Elisabeth Elo grew up in Boston, attended Brown University, and earned a PhD in American Literature at Brandeis University. She has published scholarly articles on subjects as diverse as Walt Whitman and Cinderella, and her essays and Pushcart-nominated short stories have appeared in a variety of publications. Elisabeth worked as a magazine editor, a high-tech product manager, and a halfway house counselor before beginning to write fiction.
Q & A with Elisabeth about FINDING KATARINA M.
1. Which took place first: plot, character, or setting?
The setting came first. Siberia is a mysterious place for most westerners. I had thought of it as dark, cruel–a region of the world where a lot of bad things had happened. And because I like darkness, and wilderness, and adventure, I found myself drawn to Siberia as a setting for a book. What I discovered, of course, is that Siberia is actually a vibrant modern land with many evolving facets. So the story is dark, but it is also full of hope and surprise.
2. What attracts you to this book’s genre?
I like novels that take me someplace. I’ve always had an acute sense, probably from reading a lot, that my world is only a tiny microcosm of all the worlds that are happening right now. I hate that I can see only my own little corner. I want and need to expand my horizons, and I want to do that for my readers, too. Why thrillers? Because I’m easily bored. I actually need suspense to keep me reading and caring about a story. So the international thriller is a no-brainer for me.
3. What was the biggest challenge this book presented? What about the biggest opportunity?
The biggest challenge was in getting the people of Siberia right. A place is relatively easy to describe if you’ve been there, and I did go to Siberia before I wrote this book. But people are complicated. I listened as much as possible to their stories and asked a lot of questions. In the end, I had to remind myself that I was writing about them from the perspective of a visiting American, which I was, and my protagonist is, so I had to content myself with just doing my best.
4. What’s the one question you wish someone would ask you about the writing process?
How do you keep the middle from sagging? It’s so easy to start off fine and end fine but somehow lose tension in the middle. I wanted to keep the pace and suspense going all the way through, and that’s what I tried to do in this book. I learned that plot involves constantly opening up the story to the next plausible development, not trying to circle back to what went before. The past is past in books as well as life, and the novel needs to be constantly striding forward. That sounds so obvious. Probably every writer has already figured that out, but I hadn’t, and this book helped me to do that.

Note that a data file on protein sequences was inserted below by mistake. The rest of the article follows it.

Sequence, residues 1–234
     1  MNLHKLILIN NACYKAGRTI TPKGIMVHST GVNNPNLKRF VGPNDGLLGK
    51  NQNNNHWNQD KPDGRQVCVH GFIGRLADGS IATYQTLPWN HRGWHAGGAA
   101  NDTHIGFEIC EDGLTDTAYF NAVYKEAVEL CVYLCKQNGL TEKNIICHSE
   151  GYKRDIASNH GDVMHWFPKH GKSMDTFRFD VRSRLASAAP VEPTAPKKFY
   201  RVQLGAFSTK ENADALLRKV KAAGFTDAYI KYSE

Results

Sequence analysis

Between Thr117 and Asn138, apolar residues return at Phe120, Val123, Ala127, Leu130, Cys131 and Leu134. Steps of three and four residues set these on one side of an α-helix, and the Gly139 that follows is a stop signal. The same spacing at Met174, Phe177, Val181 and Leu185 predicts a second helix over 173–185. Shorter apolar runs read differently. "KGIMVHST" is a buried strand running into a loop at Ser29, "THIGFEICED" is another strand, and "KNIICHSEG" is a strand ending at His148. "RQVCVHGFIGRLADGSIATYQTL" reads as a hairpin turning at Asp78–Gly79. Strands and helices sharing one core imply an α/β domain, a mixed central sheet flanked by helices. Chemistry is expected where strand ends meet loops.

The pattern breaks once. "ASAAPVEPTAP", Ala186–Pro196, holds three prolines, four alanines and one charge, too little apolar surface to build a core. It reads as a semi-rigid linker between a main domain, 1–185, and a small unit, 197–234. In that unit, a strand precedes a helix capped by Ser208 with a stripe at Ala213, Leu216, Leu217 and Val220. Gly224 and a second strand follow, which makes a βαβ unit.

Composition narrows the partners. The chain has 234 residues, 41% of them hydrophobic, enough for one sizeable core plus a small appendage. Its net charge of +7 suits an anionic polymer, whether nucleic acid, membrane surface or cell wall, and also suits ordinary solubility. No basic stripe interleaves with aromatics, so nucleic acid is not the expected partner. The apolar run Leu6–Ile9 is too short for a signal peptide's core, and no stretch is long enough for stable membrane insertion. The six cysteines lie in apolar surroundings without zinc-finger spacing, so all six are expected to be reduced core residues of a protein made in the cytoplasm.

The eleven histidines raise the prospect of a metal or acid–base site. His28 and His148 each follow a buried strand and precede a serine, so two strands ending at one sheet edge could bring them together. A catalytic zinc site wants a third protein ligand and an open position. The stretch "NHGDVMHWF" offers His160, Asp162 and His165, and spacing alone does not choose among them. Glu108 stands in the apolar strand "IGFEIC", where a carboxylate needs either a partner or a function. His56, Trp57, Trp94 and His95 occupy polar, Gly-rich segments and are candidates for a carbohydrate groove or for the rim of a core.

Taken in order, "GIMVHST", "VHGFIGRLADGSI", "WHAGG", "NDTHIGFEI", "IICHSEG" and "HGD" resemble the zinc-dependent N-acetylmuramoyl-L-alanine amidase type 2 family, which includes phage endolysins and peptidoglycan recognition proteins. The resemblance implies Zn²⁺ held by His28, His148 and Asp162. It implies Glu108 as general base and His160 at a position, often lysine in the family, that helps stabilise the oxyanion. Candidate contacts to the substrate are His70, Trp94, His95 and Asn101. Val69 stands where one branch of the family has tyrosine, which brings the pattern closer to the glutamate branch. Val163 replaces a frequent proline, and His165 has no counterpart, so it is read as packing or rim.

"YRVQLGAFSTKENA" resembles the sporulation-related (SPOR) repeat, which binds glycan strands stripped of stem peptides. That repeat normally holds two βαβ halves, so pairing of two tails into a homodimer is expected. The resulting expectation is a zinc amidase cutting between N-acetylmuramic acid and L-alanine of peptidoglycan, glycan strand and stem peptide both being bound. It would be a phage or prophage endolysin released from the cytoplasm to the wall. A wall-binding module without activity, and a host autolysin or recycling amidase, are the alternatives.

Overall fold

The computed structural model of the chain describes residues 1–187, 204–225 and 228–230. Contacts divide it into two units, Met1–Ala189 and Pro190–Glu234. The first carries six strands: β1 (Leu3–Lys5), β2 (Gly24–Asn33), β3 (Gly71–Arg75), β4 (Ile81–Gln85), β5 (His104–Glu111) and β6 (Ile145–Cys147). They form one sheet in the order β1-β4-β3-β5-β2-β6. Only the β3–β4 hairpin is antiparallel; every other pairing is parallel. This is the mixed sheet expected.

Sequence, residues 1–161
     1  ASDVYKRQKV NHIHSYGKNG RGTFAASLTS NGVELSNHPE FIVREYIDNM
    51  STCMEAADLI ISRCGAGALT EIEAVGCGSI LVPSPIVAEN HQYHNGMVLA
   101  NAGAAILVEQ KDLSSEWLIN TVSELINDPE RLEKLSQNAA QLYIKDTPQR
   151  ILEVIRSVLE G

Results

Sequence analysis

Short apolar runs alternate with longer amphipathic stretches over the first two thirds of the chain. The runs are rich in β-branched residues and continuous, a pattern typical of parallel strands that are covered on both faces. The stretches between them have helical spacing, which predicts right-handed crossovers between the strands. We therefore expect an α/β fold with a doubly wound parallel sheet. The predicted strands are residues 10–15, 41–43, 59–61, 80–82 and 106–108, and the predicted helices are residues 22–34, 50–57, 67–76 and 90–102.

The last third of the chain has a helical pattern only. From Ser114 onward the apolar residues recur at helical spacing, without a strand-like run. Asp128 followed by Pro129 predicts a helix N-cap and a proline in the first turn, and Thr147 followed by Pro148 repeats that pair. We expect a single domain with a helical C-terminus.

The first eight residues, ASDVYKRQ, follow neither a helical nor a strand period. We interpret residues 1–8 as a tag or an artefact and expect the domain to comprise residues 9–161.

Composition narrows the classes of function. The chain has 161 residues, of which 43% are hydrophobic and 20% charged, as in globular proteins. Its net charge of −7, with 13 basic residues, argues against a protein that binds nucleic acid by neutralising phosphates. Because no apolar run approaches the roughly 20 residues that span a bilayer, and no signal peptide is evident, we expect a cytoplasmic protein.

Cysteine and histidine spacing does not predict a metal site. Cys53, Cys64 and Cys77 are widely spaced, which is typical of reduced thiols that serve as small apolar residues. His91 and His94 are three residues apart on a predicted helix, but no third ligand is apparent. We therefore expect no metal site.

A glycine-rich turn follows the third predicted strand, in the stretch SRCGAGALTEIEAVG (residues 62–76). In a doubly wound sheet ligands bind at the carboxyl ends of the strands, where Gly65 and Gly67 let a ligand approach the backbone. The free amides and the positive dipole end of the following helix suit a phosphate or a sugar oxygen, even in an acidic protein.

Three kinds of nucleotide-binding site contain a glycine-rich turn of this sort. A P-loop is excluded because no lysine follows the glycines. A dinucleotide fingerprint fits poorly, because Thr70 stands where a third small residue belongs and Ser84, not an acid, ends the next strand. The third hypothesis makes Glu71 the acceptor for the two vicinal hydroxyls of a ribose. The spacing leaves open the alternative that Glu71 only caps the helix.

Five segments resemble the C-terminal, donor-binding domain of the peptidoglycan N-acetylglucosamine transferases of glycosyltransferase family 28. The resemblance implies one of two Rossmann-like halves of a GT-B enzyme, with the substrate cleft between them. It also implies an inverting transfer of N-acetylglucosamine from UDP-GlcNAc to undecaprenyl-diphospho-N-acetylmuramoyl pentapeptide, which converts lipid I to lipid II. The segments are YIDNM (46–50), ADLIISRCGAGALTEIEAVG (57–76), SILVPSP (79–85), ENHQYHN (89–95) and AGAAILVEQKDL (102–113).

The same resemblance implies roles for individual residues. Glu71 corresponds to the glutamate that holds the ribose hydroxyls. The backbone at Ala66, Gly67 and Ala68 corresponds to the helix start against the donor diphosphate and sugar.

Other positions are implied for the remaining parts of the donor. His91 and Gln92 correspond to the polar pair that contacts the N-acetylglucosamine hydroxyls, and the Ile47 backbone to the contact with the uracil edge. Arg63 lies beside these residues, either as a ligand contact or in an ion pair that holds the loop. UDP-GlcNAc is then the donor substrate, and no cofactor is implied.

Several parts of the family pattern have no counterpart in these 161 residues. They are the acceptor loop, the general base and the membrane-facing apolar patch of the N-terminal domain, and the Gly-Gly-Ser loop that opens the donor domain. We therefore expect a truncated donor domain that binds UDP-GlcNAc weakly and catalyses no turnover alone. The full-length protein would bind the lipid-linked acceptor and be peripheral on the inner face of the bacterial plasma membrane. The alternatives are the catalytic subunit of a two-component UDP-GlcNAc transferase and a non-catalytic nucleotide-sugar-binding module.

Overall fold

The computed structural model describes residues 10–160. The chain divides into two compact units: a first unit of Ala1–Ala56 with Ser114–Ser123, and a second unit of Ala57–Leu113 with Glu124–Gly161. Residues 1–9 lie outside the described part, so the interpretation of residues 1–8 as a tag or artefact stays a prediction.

Q & A with Elisabeth about NORTH OF BOSTON
1.) Where did the idea for North of Boston come from?
Some years ago, I ran across a book about ambergris (i.e. whale excrement) – a substance that was once believed to have all kinds of magical, curative, and aphrodisiac properties, and is still used today as a fixative in some perfumes. The story of ambergris opens all kinds of windows into the human psyche – our fears and desires, our quests for beauty and adventure, and the lengths we will go to fulfill a dream, even when that dream is actually a delusion.
How a fascination with ambergris led to writing North of Boston involved many tiny steps that I could not possibly reconstruct. But the path went something like this: ambergris, ocean, sense of smell, marine mammals, boats, perfume, the floorplans of boats, northern lands, cold. In fact, the path was more like a maze, the kind where you often end up right back where you started. Eventually, I had a whole lot of paper on my office floor. (This was back in the days before apps like Evernote, when people still printed things out.) Looking at the stacks of paper, I occasionally wondered whether I might be just a bit crazy, but I had somehow managed to develop a trust in the creative process – which is to say, in myself – so I plodded along.